General Motors' effort to design a global four-cylinder engine called the L850 may have permanently rewritten the automaker's product engineering rule book.
For the first time, GM's international subsidiaries jointly sired a key product for worldwide markets.
To make it happen, GM broke another precedent by relying heavily on an outsider, England's Lotus Engineering, for development of a core powertrain crucial to its future.
Lotus was the neutral ground on which GM's diverse cultures harmonized their conflicting needs for an engine that can serve small and mid-sized Saturns, Opels, Chevrolets and Saabs.
Over the five-year design process, engineers were forced to act as politicians, diplomats and warriors, according to executives at Germany's Adam Opel AG and GM Powertrain in Detroit.
GM's international subsidiaries have enjoyed relative independence for so long that they are in essence separate companies.
'It may be one reason it was not a very quick project,' said Otto Willenbockel, GM Powertrain's engineering director for engines and a transplant from Opel. 'We know how to design engines, but not how to design engines together with two or three organizations.'
Another reason to bring together the subsidiaries: None trusted the others to produce an engine suitable for the group.
'I think there was opposition to giving the whole project to somebody else to decide what is good ,' Willenbockel said.
'Essentially, the Europeans design for maximum speed and best cruising feel, while the U.S. wants the best launch torque with the best possible fuel economy,' said Al Landosky, advanced powertrain engineering manager for Saturn. Satisfying both 'took some bloodletting.'
Lotus, an engineering services company separate from the carmaking business, supplied more than 200 of the engine's 250 full-time engineers.
Lotus was once a GM possession, but Romano Artioli, creator of the revived Bugatti brand, purchased it from GM in 1993.
Artioli took the money-losing Lotus off GM's hands with the stipulation that GM keep the company busy with work for two years after the sale. GM was scrambling to find work for Lotus when the engine project was born.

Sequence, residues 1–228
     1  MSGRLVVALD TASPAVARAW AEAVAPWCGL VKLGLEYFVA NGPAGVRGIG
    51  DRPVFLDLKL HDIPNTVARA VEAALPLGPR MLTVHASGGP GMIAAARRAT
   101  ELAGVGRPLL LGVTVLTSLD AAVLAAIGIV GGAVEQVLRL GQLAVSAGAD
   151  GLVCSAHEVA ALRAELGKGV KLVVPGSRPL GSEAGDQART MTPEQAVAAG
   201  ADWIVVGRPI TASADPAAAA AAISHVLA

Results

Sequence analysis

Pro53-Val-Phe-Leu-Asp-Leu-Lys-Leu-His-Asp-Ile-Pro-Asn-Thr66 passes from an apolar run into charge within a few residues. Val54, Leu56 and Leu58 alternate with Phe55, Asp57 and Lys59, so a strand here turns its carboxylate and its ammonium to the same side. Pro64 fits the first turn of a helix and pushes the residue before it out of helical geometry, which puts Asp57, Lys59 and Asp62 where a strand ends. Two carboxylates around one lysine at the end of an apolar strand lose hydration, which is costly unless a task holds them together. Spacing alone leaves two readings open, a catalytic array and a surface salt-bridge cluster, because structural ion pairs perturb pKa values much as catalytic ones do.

'We hired Lotus because we had some obligation to spend some money there,' Willen-bockel said. 'On the other hand, we needed resources, we needed designers, we needed engineers, we needed dynos. As it turns out, it was an excellent idea to get somebody outside of Opel Engineering and outside of (GM) Powertrain engineering.'
SATURN TWIN CAM
GM nearly pulled the project from Lotus when it looked as though Korea's Daewoo Motor Co. Ltd., then on the outs with GM, would purchase the company from Artioli. But Malaysian automaker Proton eventually won out, and the engine program stayed.
L850 is GM's internal code-name for the engine, but the company prefers 'Saturn Twin Cam' in North America and 'Ecotec' elsewhere.
The first version is a 2.2-liter engine making 137 hp and 147 pounds-feet of torque for the 2000 Saturn LS sedan and LW wagon. Future versions will displace 1.8 liters and 2.0 liters and come with turbochargers, direct injection and variable valve timing.
GM is relying heavily on the engine. The company eventually will build up to 1.2 million units a year. GM estimates that its North American operations and subsidiaries worldwide will use the L850 and its derivatives for the next 20 years.